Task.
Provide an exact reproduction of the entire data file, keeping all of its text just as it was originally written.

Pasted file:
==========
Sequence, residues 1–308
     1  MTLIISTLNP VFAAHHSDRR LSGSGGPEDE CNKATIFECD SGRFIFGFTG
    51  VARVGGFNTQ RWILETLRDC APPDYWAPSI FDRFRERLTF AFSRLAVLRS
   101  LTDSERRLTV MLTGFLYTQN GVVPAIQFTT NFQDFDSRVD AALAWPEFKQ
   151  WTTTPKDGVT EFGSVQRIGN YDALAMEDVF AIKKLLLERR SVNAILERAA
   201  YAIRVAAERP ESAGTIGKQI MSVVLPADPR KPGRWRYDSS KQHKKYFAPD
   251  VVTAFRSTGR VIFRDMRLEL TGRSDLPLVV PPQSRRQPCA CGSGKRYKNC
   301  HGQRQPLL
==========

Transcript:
Sequence, residues 1–308
     1  MTLIISTLNP VFAAHHSDRR LSGSGGPEDE CNKATIFECD SGRFIFGFTG
    51  VARVGGFNTQ RWILETLRDC APPDYWAPSI FDRFRERLTF AFSRLAVLRS
   101  LTDSERRLTV MLTGFLYTQN GVVPAIQFTT NFQDFDSRVD AALAWPEFKQ
   151  WTTTPKDGVT EFGSVQRIGN YDALAMEDVF AIKKLLLERR SVNAILERAA
   201  YAIRVAAERP ESAGTIGKQI MSVVLPADPR KPGRWRYDSS KQHKKYFAPD
   251  VVTAFRSTGR VIFRDMRLEL TGRSDLPLVV PPQSRRQPCA CGSGKRYKNC
   301  HGQRQPLL